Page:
sure for various gases 4. Note that the effective thermal conductivity will determine the heat ow through a fabric as a function of the applied temperature differential. It should be primarily a function of the intrinsic conductivity of the solid base material, the properties of the interstitial medium, and the structure of the bers. Experiments were conducted in vacuum Chamber V at JSC using a guarded hot-plate instrument Holometrix Corporation model TCFGM with Hewlett Packard GP3421A data acquisition system. Tests were conducted in air at 20C, carbon dioxide at 20C, 0C, and 30C, and nitrogen at 50C for pressures ranging from vacuum (10 4 Pa) to atmospheric 101 kPa. Results showed that the effective thermal conductivity decreased with decreasing gas-ll pressure. The Phase 1 Mars Candidate TMG Tests were completed in 1994 5 as the rst attempt to evaluate various candidate insulating materials at actual Mars environmental conditions. The thermal performance of four materials were compared to the baseline MLI in the TMG insulation conguration: Primaloft, a polyester micro-ber ll, sandwiched between two layers of nylon rip-stop fabric; Polyester wafe weave laminated Mylar with Bostik 5230 web adhesive, aluminized side facing away from the fabric; Velcro hook coins 1.5 mm thick, 15 mm diameter spaced 12 mm apart, attached to the shiny side of Shuttle EMU aluminized mylar using self-sticking adhesive, and sandwiched between two layers of aluminized mylar with the shiny sides facing each other; Pink nylon Velcro open weave uncut hooks 3 mm thick assembled from strips of 55 mm adhesive tape, sandwiched between two layers of Shuttle EMU aluminized mylar with the shiny sides facing each other. The tests were conducted using the Chamber V guarded hot plate 640 Vol. 125, OCTOBER 2003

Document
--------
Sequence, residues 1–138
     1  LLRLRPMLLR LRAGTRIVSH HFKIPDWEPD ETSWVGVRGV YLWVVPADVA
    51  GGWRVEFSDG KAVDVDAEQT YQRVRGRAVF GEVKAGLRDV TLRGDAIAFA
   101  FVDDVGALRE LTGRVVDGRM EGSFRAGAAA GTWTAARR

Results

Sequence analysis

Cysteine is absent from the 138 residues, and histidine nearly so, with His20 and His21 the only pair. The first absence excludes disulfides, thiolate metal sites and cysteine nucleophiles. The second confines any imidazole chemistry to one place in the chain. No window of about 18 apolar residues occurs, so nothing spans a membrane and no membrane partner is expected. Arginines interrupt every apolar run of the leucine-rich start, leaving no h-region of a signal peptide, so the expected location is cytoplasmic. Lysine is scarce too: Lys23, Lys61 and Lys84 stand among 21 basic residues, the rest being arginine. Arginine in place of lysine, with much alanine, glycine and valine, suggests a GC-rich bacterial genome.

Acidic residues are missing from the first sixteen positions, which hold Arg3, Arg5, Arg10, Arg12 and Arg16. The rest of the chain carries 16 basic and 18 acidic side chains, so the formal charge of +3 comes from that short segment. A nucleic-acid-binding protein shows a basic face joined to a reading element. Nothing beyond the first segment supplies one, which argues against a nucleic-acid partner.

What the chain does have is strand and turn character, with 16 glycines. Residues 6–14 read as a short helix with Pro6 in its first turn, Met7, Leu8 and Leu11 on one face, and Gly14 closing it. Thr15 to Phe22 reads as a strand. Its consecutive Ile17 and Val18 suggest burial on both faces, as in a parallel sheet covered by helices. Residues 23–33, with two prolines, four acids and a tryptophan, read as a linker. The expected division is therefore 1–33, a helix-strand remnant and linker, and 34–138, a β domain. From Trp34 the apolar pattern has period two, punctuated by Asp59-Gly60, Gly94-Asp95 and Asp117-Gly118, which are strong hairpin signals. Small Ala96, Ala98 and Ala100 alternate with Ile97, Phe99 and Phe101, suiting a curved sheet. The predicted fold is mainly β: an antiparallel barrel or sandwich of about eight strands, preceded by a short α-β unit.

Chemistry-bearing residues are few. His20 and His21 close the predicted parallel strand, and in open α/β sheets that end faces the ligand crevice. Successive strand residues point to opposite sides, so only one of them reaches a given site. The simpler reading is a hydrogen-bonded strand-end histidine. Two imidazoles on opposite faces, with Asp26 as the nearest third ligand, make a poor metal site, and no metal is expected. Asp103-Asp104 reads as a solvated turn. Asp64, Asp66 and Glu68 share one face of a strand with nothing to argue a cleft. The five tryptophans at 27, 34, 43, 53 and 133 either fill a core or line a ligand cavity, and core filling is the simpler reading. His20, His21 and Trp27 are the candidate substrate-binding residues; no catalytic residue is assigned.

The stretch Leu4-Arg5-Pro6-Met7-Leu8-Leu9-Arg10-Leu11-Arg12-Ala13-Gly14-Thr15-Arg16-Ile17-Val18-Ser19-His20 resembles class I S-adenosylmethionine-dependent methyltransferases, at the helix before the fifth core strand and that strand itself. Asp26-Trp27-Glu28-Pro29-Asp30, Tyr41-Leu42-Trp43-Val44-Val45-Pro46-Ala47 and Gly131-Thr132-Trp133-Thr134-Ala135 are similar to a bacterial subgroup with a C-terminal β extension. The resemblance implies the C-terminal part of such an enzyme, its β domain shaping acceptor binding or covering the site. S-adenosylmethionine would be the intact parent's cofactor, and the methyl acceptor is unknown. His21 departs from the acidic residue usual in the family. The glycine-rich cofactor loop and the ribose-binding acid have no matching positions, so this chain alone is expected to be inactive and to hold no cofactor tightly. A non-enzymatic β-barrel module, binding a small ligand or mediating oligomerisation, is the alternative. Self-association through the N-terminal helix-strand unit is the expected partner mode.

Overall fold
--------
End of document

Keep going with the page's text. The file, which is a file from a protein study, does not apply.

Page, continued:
apparatus with carbon dioxide at pressures from 6 to 250 torr, and temperatures from 30C to 27C. The samples were loaded mechanically to 1.0 psi to represent the maximum compression the insulation would experience due to suit pressure and motion. Results showed that the effective thermal conductivity of the TMG lay-ups with brous materials at Mars pressure was lower than those with the Shuttle MLI and polyester wafe congurations. Of the brous material lay-ups, the Primaloft conguration had the lowest thermal conductivity 0.017 W/m-K; however this value was still approximately three times greater than the performance goal for Mars applications. Subsequent Phase 2 tests 5,6 evaluated brous insulation samples of Airloft and Pyroloft in the TMG conguration at Mars pressure and cold Mars temperatures. As in the Phase 1 tests, candidate insulation materials replaced the MLI of the TMG in the guarded hot plate instrument with argon as the test gasi. Pressures were from 10 5 torr hard vacuum to 10 torr Mars pressure, and temperatures from 100C to 45C on the cold side and 20C on the hot side. Samples were loaded mechanically to 0.1 psi. The Airloft and Pyroloft samples demonstrated similar effective thermal conductivities as required for Mars conditions approximately 0.025 W/m-K. Further studies 7 described thermal performance data for various polyesters and aramids at varying pressures and compressive loads as a function of ber density, ber diameter, fabric density, and fabric construction. Primaloft Sport Albany International was chosen for evaluation owing to its high R value and ability to recover from compression. This nonwoven polyester fabric consisted of a 25.4 mm thick blend of 80% bers of 12 micron or less diameter, 20% bers of 12 micron or greater diameter, and a lowmelt-polyester binder. Fabric density was varied by compression from its original thickness to 16.5 mm, 6.9 mm, or 2.6 mm. Thermal conductivity of all samples increased for greater gas-ll pressure, with the lowest thermal conductivity at high vacuum. At a given pressure, higher density fabric produced lower thermal conductivity, but the performance value at Mars conditions was still signicantly higher 0.016 W/m-K than the benchmark of MLI at vacuum. Hollol Dupont bers were also tested for two different fabric densities 4 and 6 oz/yd2, each needle punched at 120 NPI needles per inch or 240 NPI to avoid using bonding materials that could increase the heat transfer 8. Hollol thermal conductivity exhibited a similar dependence on pressure and density, but with values higher than for Primaloft Sport. None of the samples met the thermal performance goals for conductance of 0.62 W/m2-K and 12.7 mm 0.5 in insulation thickness. Various innovative materials have been compared by NASA personnel to identify the most promising candidates for development of the Mars suit insulation 9. Candidate materials included porous structures 10, active and passive phase change materials, hollow spheres such as 3M and Zeelan Industries Microspheres and 3M Scotchlite glass bubbles, solvent-gas elements 11, vacuum enclosures 1215, and brous materials 7. Candidates were ranked in areas of versatility in structure conguration, choice of materials, maturity of industry, insulation experience, exibility of structure, mechanical strength of structure, continuity of structure, thickness, mass, passive nature and maintainability, robustness, safety and contamination issues, and overall thermal performance. Based on these considerations, brous structures were judged to provide the most promise for space suit applications. Thus, they are the subject of the present analysis. Further thermal conductivity tests were conducted on nonwoven ber materials at pressures varying from hard vacuum to 8 torr 16. Three different constructions were evaluated with various ber deniers, needling intensities, and web densities: solid round ber recycled polyethylene terephtalate, hollow ber